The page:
Zimbabwe has asked the United Nations (UN) to assist it in resuming international diamond commerce.
Under a severe global blockade imposed by the European Union (EU) and the United States during the last decade, gems from the Marange diamond resources have been barred from major international markets.
The two power blocs have justified their hardline stance by citing security forces’ brutality against unarmed diamond panners in the Marange claims and the use of torture and intimidation.
However, authorities in Harare have been shaken by deepening economic volatility, and rising poverty levels as important elections loom in 2023. The use of the much-needed revenue from the mineral would be a welcome relief to the economy.
UN Special Rapporteur Alena Douhn
They also asked Alena Douhan, the UN special rapporteur on the detrimental impact of unilateral punitive measures on the realization of human rights, to negotiate the return of the ivory trade. Douhan wrapped ended her 10-day review of the impact of sanctions on Zimbabwe, blaming Western sanctions for sparking the country’s agony.
Zimbabwe chastised the West for averting Harare’s breakdown by denying “access to markets for Zimbabwe’s diamonds sector” and causing “disinvestment, corporate closures, and a currency collapse” in a document titled “Economic Impact of Sanctions on Zimbabwe.”
Zimbabwe, which is thought to hold 25% of the world’s diamond reserves, has sunk deeper into international turmoil following revelations that over USUS$14 billion had been taken by oligarchs in the Marange highlands, where the US has expressed concerns about forced labour and human rights abuses.
Security forces mercilessly attacked illegal miners around the end of 2008 to gain sole ownership of the mines for the state, prompting the West to label Harare’s jewels “blood diamonds.”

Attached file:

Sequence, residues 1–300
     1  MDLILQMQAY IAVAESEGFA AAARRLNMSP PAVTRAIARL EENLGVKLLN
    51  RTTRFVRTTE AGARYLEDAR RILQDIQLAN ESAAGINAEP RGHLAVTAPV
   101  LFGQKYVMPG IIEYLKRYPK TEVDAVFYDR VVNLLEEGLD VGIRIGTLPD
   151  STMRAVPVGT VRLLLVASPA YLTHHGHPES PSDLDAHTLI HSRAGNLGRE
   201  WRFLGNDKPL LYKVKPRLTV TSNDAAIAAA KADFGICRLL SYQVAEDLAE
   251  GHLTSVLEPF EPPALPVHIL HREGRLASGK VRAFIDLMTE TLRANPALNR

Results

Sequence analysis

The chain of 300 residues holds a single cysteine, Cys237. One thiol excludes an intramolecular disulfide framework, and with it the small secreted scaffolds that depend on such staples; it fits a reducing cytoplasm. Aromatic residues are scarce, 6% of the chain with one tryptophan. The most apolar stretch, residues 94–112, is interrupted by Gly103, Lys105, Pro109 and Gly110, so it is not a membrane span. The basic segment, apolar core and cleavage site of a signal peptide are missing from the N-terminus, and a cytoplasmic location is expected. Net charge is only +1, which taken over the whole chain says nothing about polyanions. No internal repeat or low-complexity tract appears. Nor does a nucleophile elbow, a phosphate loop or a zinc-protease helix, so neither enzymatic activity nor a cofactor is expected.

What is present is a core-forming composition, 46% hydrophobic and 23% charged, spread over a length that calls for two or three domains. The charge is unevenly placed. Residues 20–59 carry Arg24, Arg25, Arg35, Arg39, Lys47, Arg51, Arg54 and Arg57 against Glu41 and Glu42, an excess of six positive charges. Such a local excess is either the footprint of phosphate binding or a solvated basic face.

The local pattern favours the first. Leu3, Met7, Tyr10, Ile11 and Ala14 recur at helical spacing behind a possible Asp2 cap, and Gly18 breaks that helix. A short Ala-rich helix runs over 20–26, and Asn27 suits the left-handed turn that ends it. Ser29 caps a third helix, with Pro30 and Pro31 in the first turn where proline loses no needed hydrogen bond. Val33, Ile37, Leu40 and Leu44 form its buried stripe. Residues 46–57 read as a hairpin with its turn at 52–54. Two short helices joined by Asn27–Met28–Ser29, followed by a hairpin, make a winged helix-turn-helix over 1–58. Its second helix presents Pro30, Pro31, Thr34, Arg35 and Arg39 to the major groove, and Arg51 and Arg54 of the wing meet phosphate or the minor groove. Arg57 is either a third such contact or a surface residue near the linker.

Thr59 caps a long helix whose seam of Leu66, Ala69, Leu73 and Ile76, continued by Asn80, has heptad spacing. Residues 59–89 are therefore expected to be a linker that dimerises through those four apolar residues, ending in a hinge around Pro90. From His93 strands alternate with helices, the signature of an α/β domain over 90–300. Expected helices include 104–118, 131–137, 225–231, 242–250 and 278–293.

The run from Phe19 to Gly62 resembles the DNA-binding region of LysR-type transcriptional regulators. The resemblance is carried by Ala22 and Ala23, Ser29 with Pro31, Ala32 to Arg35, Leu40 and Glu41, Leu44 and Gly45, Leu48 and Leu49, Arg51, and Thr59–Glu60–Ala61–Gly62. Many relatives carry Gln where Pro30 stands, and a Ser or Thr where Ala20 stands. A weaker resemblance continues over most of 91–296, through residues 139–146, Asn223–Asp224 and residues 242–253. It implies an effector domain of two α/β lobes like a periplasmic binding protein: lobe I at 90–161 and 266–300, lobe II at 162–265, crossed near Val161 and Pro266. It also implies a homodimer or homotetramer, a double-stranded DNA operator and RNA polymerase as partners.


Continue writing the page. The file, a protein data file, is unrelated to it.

One of the main topics they discussed with Douhan was whether the UN might assist Harare in starting a diamond and ivory trade.
Only a few buyers are willing to stake their reputations by trading with Zimbabwe. Zimbabwe’s diamonds are currently being purchased by Middle Eastern buyers and several players in eastern European countries such as Belarus. Unfortunately, the Prices currently available are low compared to what the country would earn if it sold on foreign markets due to limited demand. As a result, the government is losing potential revenue.
Zimbabwean officials believe that Western countries use the Convention on International Trafficking in Endangered Species (CITES) to halt the ivory trade.
Zimbabwe’s government claims that Harare’s economy has been purposefully disadvantaged to create a humanitarian crisis due to diamond sanctions and the suspension of the ivory trade.
The goal of the sanctions on Zimbabwean diamonds was to stop the flow of “blood” or “conflict” gems into the world’s most important markets by keeping them out of the legitimate trading system.
The Minerals Marketing Corporation of Zimbabwe has lost a fourth of its regular raw diamond prices due to these international sanctions. The country has been obliged to look for new markets, such as Dubai or Mumbai, where prices are far lower.
In 2019, an enraged Mnangagwa lambasted CITES for continuing to prohibit the ivory trade. After Zimbabwe, Botswana, and Namibia requested a timeframe to sell USUS$600 million worth of ivory stockpiles but were denied, fears of an environmental crisis arose as elephant numbers grew.
The governments want to use the proceeds from ivory sales to help manage wildlife parks. The three countries are home to many of the remaining African elephants, but overpopulation has resulted in considerable human-animal conflict.
These recommendations show how frightening events in the currency market have shaken the authorities in Harare. A widespread drabbing of the Zimbabwe dollar on the parallel market has put the country’s stability in jeopardy, raising fears that the country would relapse into new anarchy akin to the 2008 crash.
Zimbabwe’s economy has been labelled a “pariah” in international relations, and has struggled to secure funding from international lenders and raise the funding needed to rehabilitate its crumbling infrastructure.
Harare appears to be pushing to end the crisis, including battling for access to the international markets after two decades of weathering a harsh international embargo estimated to have cost the country over US$100 billion.
The UN ambassador concluded her trip, and she criticized Western nations for imposing a strict embargo on Harare. She is expected to give a comprehensive report to the United Nations next year.